Sometimes, in life, there are subjects and themes that float in and out of our existence and can define certain time periods of our life. Whether it is for the fact that many of the ideals and themes represented in Philomena are also present at this time of my life made this film hit closer to home than I ever expected or if it is simply because the story in which the film tells is so interesting and captivating that I was completely swept up in it, I can't tell. Either way, there is something about the latest from director Stephen Frear's (The Queen, High Fidelity) in which I can't immediately put my finger on, but am unable to shake. While I went into the film unsuspecting of its charms or its narrative I'd heard nothing but pleasant things about it and that it was something of a delight given the chemistry between leads Steve Coogan and Judi Dench. The last thing I expected was the kind of mystery adventure I was taken on that allows faith, religion and the way we look at God and who he is, if he is, and how he manages to effect out happiness and outlook on life while bringing more meaning to the relationship between a mother and her estranged son. There are moments when this could have easily become a light, road trip comedy with the old lady getting on the younger, sophisticated mans nerves while eventually coming to realize they have a true affection for one another that will allow this relationship to become a cherished friendship, but that isn't the route the film decides to take and thank God for that. Sure, there are moments, entire scenes even,where the content may suggest that is exactly where Philomena is headed, but another of the surprising things about the film is that it never goes exactly where you think it will. There are familiar situations and set-ups that could have easily gone a more predictable way, but ultimately the fact this is based on a true story allows it a stronger sense of truth and the way in which things unfold I can only imagine will be more satisfactory for most than if it ended with a convoluted twist that named Coogan's character as the son (of course that doesn't actually happen, but if you thought you had it figured out beforehand, you don't). While Philomena will fly under the radar for most, it is a film the whole family can enjoy while also stirring up interesting conversation afterwards. Full review here. A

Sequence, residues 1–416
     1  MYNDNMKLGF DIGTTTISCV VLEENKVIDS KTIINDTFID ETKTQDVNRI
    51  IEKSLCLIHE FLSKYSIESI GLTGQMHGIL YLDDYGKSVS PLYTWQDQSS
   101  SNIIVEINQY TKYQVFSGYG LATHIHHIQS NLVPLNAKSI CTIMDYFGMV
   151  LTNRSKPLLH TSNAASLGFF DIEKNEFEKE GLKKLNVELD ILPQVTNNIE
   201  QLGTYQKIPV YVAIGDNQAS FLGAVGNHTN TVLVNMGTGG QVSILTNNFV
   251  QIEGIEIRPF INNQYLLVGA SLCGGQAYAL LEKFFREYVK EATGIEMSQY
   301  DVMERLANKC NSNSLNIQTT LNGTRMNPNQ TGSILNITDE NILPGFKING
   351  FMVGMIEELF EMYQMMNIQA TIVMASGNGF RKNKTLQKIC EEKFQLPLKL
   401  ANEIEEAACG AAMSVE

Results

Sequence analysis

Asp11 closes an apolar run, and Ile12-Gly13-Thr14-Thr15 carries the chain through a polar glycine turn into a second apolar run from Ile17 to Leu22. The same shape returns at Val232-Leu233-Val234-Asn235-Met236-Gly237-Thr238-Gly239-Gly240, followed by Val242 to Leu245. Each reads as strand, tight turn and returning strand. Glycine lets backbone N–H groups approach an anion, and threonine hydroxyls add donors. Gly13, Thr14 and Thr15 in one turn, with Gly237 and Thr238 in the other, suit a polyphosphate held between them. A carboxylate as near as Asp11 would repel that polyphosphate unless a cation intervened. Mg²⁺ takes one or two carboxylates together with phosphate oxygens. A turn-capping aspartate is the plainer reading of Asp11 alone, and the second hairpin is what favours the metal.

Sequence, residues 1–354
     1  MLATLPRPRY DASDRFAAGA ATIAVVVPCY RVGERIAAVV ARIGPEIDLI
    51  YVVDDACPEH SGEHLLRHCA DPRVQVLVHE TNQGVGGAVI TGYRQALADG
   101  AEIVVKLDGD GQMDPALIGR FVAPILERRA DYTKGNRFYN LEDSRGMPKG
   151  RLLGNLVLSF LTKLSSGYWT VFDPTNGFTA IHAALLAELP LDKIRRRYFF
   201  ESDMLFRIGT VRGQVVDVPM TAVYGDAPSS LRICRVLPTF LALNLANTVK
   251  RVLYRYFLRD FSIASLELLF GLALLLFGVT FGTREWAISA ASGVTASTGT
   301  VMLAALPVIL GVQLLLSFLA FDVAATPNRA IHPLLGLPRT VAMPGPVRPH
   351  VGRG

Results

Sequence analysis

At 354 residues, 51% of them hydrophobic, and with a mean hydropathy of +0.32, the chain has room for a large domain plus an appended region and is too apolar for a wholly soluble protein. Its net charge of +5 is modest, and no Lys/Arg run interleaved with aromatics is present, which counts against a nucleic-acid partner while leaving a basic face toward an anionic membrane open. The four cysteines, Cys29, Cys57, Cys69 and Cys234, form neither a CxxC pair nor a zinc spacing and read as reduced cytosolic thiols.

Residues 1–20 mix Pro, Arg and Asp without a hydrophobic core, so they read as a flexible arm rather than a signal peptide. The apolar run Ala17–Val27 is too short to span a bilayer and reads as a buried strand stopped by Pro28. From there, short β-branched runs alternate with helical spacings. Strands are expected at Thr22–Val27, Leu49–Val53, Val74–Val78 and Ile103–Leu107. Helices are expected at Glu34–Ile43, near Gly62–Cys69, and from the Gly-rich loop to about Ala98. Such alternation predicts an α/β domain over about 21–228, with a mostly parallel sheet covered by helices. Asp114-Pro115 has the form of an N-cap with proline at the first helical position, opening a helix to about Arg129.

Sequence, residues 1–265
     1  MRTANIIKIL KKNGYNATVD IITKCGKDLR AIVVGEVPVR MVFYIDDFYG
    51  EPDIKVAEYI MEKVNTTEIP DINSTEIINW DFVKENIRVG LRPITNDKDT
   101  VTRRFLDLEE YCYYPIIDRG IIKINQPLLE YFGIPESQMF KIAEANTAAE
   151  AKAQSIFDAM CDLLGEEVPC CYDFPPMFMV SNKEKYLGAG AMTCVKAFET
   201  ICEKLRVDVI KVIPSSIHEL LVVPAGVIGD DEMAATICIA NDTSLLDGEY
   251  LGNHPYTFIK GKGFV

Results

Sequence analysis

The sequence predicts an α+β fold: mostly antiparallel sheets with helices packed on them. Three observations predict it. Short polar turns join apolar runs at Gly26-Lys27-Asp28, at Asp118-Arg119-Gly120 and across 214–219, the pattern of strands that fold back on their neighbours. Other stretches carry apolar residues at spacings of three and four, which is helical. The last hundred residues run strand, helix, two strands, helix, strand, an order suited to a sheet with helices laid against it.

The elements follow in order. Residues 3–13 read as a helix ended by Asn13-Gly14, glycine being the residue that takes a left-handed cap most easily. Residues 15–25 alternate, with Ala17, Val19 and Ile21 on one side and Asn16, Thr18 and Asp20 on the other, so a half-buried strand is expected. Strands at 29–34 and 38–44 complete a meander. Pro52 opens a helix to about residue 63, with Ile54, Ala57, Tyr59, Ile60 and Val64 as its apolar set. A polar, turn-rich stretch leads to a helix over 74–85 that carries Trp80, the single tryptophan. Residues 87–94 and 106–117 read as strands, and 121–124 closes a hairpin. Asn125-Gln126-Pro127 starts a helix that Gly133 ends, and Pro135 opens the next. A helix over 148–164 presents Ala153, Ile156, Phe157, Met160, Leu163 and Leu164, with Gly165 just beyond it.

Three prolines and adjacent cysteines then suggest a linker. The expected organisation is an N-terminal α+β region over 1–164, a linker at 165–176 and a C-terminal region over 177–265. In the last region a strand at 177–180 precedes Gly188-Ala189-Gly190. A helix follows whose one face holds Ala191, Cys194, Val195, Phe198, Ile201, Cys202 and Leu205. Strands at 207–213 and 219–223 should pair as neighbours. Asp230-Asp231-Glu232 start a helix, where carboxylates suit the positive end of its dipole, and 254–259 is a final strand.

Ride Along is something of a normality in the world of comedy. It is perfectly packaged, with standard jokes ensured to offend no one and completely appealing personas playing two archetypes that are sure to be so familiar to general audiences that they will settle right in and enjoy this brief, hour and a half comedy that keeps the laughs and action well balanced while carving out just enough of a niche for Kevin Hart while demonstrating his ability to play a fully formed character rather than just the comic relief. There is nothing terrific or substantial about the film and in fact it is rather sub par in many areas for despite the fact it is competently directed by veteran Tim Story (Barbershop, Fantastic Four) it displays no sense of style or wit beyond that of the typical Hollywood production with enough cash to back its story but not enough actual story or jokes to sustain the simple quotas we ask for from our most commonplace films. That is what Ride Along is after all: a film put together by a committee to appeal to as many people as possible in hopes of creating a bankable star in Kevin Hart that will allow them to roll out films year after year with thin premises, little to no imagination in the script while trusting that the on-set riffs and improvisations are enough to satisfy our need for laughter. In short, if everything goes according to plan Hart will turn out to be the next Adam Sandler (who is now experiencing a slight downfall) and the studios distributing and financing these slapdash efforts will have someone on hand that is a sure bet. Ride Along will be that solidifying film for Hart and he does fine with what he has to work with here making the most out of the otherwise dry material. There are movies like this, movies so obviously put together by a board room that I can't buy into it and I'm unable to get past the fact I'm not seeing a specific vision of what this story was supposed to be, but rather a combination of several ideas with only the intention of pleasing as many people as possible to get the biggest profit. I typically can't take films like this and while I understand these kinds of films aren't made for critics or true cinema fans, but despite all of that this commonplace comedy that has five writers names attached to its screenplay and a director who seems to be on autopilot I didn't mind what Ride Along had to offer even if it was nothing more than a brief diversion. Full review here. C-